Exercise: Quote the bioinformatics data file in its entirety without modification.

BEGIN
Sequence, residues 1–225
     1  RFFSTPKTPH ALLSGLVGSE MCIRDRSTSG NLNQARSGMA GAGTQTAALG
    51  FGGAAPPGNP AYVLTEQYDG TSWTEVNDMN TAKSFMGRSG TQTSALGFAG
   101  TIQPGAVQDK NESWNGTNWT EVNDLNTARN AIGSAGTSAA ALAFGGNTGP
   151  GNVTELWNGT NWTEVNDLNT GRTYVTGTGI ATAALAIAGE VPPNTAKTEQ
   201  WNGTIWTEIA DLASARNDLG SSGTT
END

Sequence, residues 1–225
     1  RFFSTPKTPH ALLSGLVGSE MCIRDRSTSG NLNQARSGMA GAGTQTAALG
    51  FGGAAPPGNP AYVLTEQYDG TSWTEVNDMN TAKSFMGRSG TQTSALGFAG
   101  TIQPGAVQDK NESWNGTNWT EVNDLNTARN AIGSAGTSAA ALAFGGNTGP
   151  GNVTELWNGT NWTEVNDLNT GRTYVTGTGI ATAALAIAGE VPPNTAKTEQ
   201  WNGTIWTEIA DLASARNDLG SSGTT